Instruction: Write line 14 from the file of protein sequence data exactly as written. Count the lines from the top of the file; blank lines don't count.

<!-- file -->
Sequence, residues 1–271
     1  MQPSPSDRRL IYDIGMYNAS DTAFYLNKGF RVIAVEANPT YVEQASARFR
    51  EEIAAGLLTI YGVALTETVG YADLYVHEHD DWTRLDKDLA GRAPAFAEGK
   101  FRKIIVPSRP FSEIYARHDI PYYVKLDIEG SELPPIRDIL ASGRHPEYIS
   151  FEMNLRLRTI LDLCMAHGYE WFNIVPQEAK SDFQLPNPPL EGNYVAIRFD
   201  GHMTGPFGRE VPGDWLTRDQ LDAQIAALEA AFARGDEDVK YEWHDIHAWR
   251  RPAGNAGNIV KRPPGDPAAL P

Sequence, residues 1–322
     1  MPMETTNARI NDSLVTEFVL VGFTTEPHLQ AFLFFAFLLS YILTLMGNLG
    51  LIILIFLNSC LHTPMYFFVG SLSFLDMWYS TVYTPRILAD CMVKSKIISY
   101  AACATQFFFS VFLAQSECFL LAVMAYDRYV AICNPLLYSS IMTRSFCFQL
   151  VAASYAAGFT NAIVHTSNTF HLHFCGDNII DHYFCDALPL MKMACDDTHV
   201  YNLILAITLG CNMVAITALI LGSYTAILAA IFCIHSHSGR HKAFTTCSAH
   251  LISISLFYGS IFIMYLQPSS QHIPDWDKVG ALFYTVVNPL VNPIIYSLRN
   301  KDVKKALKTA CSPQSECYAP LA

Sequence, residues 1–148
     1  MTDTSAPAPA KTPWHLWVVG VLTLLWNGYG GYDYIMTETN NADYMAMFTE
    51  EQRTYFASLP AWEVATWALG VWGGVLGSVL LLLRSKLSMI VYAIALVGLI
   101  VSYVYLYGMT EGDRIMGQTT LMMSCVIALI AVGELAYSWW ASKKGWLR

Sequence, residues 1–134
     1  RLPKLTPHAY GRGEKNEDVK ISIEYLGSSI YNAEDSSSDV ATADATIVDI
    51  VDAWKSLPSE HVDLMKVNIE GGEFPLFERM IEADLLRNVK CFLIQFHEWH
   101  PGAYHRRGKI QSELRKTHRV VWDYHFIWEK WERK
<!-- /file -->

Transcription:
   251  LISISLFYGS IFIMYLQPSS QHIPDWDKVG ALFYTVVNPL VNPIIYSLRN